“I think that we have a huge part in kind of perpetuating the confusion and misinformation around what’s sustainable, and what’s not,” said Ng. “I don’t know how many times I’ve edited that out of materials, or, for example, like something being sustainable, just because it’s recyclable.”

How to ensure climate pledges are credible

The rise of green marketing, which is usually based on legitimate positive environmental claims, can sometimes blur the line between authenticity and greenwashing.

Research organisation New Climate Institute recently looked at climate plans of 25 multinational companies and most of them received low marks on actually reducing emissions.

According to the organisation, it’s “more difficult than ever” to distinguish real climate pledges from pretentious claims.

“The ground rules for corporate pledges are still being written. And regulators are increasingly focused on the issue,” reports the New York Times.

Climate and data scientist Angel Hsu, founder and director of Envirolab, explains to TEDx that greenwashing tends to fall into one of three types: unintentional, “passing the buck”, and the “pernicious kind”. Unintentional is where eager CEOs make well-intentioned pledges without fully understanding what is needed to implement them. 

“There’s a lot of pressure these days for companies to make these kinds of commitments without really thinking it through first and developing a plan,” said Hsu. “Often, the cart comes before the horse.”

The second category, “passing the buck”, is more commonly known as carbon offsets. Rather than reducing their own emissions, companies pay others to pick up plastic, plant trees, or make greenhouse gas cuts.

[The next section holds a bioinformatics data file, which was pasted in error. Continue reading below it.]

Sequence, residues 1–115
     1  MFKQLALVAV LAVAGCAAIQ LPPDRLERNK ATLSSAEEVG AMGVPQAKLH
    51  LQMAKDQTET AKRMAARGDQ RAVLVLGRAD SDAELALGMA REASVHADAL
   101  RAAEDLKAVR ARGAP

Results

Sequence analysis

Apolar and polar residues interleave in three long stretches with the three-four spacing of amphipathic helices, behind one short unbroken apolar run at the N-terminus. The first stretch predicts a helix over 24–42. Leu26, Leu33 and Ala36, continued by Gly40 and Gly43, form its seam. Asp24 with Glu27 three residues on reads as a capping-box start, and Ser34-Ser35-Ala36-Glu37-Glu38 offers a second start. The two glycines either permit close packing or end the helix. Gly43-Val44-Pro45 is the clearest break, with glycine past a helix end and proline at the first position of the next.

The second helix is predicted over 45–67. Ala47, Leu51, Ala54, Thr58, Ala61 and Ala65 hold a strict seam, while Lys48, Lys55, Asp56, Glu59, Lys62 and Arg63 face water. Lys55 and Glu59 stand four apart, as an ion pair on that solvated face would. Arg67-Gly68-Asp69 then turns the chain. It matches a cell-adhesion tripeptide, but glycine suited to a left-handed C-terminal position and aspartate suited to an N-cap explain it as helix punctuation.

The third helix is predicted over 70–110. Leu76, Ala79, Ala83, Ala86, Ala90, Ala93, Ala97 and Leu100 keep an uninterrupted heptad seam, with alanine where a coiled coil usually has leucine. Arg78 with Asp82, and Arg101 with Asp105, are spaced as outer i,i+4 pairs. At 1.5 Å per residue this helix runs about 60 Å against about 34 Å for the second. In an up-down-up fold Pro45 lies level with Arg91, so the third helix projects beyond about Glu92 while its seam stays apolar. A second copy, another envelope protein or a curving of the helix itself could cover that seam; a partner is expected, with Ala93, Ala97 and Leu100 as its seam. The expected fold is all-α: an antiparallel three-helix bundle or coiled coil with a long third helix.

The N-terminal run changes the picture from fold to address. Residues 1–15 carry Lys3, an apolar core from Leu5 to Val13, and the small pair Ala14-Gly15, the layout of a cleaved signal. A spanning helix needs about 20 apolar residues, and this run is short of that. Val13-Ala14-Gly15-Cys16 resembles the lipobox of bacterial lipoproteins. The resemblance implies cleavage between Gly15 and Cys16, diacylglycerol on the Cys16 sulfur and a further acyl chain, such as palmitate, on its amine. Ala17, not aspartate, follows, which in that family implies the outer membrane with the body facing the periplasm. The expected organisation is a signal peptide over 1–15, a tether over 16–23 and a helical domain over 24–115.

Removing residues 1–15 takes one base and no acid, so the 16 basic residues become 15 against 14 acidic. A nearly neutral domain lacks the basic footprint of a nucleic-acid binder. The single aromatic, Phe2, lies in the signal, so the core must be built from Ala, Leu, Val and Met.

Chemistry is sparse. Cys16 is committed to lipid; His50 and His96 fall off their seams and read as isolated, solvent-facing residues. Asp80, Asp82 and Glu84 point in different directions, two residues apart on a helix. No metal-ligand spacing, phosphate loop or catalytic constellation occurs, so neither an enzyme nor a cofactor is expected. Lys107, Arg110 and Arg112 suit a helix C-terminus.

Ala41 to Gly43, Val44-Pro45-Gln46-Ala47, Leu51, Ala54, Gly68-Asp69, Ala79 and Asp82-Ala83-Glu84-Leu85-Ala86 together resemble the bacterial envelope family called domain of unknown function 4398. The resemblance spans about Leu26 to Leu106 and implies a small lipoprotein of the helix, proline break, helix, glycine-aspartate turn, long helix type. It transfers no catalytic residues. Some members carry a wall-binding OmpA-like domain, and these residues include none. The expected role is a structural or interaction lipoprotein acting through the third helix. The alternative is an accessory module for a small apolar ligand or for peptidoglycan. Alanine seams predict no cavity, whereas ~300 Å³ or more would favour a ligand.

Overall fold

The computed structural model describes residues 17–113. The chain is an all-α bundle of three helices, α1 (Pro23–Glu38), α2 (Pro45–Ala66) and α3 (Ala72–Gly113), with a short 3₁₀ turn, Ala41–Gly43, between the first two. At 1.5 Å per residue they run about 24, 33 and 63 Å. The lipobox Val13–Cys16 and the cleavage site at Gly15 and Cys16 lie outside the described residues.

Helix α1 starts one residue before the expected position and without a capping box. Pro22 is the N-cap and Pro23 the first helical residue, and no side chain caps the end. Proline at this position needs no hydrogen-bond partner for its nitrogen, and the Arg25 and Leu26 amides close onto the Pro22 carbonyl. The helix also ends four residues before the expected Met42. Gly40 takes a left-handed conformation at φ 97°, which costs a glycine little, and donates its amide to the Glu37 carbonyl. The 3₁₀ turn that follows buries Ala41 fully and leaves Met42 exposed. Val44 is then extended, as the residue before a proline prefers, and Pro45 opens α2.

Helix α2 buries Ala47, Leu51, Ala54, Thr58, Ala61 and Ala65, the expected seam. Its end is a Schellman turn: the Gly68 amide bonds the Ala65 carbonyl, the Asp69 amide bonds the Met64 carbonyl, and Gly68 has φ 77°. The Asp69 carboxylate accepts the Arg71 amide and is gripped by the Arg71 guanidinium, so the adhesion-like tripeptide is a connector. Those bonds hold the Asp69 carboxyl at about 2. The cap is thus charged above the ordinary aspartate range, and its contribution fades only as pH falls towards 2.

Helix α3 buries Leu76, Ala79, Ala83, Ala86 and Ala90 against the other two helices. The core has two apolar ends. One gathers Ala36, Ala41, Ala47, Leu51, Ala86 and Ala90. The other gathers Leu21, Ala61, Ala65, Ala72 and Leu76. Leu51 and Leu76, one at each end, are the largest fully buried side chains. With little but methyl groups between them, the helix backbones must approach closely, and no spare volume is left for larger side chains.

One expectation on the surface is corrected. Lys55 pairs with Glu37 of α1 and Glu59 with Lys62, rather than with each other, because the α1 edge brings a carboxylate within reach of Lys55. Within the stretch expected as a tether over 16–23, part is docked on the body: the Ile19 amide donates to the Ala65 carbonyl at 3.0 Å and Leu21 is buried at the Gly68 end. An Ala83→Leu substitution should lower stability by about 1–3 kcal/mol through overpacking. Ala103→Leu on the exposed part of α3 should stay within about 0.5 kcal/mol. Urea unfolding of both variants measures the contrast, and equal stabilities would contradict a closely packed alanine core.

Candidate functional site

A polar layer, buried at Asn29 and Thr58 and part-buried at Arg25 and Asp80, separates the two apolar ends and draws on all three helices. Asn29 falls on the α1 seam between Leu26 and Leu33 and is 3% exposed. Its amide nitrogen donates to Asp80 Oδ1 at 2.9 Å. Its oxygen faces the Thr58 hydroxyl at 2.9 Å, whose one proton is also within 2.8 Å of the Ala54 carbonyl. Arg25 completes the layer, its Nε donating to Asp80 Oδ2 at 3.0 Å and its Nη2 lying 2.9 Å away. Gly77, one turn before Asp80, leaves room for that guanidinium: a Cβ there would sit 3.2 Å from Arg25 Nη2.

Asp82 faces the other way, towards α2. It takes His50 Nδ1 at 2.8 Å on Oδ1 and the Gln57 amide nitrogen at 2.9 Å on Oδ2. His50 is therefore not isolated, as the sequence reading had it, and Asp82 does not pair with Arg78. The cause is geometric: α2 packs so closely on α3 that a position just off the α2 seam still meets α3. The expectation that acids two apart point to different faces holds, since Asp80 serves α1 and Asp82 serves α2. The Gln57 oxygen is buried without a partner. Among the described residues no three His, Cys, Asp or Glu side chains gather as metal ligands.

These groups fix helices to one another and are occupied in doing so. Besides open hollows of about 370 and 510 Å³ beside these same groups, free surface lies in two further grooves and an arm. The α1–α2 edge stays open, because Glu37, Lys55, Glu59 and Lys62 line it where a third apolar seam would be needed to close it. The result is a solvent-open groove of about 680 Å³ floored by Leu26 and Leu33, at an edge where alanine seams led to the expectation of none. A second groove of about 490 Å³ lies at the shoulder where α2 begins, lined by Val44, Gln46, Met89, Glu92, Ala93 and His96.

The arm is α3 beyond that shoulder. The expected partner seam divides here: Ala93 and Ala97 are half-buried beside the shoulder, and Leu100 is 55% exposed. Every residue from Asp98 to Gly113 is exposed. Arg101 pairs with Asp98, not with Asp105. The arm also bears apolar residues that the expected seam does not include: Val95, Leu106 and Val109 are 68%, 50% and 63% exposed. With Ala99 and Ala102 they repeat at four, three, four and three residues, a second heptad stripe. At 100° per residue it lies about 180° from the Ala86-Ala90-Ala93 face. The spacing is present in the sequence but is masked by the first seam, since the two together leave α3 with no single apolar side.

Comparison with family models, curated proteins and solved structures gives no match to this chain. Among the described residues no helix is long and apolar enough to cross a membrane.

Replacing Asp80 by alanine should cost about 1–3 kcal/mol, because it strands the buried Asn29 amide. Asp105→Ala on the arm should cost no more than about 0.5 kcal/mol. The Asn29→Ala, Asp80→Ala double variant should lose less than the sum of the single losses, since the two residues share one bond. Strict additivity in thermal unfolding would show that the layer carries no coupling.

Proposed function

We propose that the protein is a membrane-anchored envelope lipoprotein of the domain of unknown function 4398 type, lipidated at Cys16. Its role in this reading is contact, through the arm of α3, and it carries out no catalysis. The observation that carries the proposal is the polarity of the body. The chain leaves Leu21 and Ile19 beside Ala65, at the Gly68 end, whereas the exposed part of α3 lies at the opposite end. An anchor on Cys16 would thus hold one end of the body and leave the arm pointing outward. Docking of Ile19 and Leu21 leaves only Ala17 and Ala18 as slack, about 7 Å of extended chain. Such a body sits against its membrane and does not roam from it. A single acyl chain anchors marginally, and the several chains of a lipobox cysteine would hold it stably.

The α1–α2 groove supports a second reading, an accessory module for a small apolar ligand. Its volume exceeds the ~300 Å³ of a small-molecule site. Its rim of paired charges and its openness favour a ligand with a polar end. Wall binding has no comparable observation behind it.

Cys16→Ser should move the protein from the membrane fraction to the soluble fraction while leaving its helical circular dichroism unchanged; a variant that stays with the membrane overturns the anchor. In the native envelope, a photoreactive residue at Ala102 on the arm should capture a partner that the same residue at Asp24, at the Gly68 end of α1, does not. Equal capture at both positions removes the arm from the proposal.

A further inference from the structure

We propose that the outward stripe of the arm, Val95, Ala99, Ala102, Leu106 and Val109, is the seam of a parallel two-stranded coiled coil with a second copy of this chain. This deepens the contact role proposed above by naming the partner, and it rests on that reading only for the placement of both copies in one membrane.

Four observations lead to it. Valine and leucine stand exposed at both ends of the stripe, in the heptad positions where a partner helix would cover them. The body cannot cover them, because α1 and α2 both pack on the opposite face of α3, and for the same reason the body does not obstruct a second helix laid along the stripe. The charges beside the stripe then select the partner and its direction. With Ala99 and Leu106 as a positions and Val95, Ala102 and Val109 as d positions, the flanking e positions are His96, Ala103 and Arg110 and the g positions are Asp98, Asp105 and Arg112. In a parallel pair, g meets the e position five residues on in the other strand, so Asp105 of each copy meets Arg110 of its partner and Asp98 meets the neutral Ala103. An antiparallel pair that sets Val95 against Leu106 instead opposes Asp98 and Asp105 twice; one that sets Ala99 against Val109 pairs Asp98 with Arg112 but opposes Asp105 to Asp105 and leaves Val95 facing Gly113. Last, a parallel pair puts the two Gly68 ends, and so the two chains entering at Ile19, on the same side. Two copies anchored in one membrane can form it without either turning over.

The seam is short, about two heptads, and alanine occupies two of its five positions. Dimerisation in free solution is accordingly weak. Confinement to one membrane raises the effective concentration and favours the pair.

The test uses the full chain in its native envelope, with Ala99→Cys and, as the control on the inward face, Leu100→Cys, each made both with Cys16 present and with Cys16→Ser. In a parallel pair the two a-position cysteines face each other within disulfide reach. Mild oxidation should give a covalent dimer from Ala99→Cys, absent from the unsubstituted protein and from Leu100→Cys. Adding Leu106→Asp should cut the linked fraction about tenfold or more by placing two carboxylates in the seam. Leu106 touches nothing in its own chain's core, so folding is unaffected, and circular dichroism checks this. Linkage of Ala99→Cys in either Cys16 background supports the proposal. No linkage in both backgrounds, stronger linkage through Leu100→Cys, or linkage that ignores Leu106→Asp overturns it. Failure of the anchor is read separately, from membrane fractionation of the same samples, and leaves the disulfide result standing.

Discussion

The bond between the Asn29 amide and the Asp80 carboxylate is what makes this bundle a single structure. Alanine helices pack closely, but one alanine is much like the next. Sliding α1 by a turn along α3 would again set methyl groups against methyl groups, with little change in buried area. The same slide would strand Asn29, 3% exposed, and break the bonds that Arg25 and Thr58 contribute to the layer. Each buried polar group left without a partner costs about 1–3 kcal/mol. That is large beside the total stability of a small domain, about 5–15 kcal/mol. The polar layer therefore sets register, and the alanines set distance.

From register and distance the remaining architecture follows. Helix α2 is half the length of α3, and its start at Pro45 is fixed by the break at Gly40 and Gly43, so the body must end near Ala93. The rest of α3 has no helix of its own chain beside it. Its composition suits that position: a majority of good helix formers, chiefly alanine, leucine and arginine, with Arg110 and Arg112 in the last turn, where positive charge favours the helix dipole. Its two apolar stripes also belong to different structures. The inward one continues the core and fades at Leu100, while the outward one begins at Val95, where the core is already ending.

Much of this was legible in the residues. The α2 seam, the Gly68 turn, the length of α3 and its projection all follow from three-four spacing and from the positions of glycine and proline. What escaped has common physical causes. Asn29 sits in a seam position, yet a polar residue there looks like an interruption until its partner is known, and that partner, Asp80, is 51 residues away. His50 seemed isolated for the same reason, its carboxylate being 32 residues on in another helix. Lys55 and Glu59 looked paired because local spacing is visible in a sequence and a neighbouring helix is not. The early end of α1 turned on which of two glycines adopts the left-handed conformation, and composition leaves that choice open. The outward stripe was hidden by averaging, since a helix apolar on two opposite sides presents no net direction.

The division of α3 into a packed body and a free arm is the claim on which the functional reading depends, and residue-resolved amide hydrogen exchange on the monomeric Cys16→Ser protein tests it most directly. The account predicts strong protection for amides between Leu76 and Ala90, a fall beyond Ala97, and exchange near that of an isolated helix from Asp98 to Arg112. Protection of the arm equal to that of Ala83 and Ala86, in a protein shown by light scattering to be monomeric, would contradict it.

“There’s a huge debate that’s blowing up right now about the credibility of these offsets,” adds Hsu. 

“In several well-publicised cases, companies have invested money to protect trees that were never in danger of being cut down.”

The third category, the “pernicious kind” is where companies seek to project an image of climate leadership and make pledges with no follow-through. 

“They should be saying exactly how they’re going to reduce their emissions all the way to zero,” Hsu explains. “If they have to rely on offsets – where are those offsets coming from? How credible is the offset company that they’re working with?” 

Finally, CDP’s Simon Fischweicher also advised being sceptical of pledges that lean heavily on investing in future carbon-capture technologies.

“While these may play a critical role one day, right now they are “shiny objects” that distract companies from the urgent work of decarbonising their own value chain,” said Fischweicher.

Kaycee Enerva

Kaycee Enerva

A digital content manager based in the Philippines, Kaycee Enerva has written for multiple publications over several years. A graduate of Computer Science, she exchanged a career in IT to pursue her passion for writing. She's slowly practicing sustainability through period cups, and eating more plant-based food.

1 comment

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    Someone once said that carbon offsetting was like announcing you are on a diet, then paying someone else to eat less for you. It’s fine as a stepping stone towards a longer-term solution, and better than doing nothing at all. But the way some brands are relying on it is bordering on greenwashing. Great article!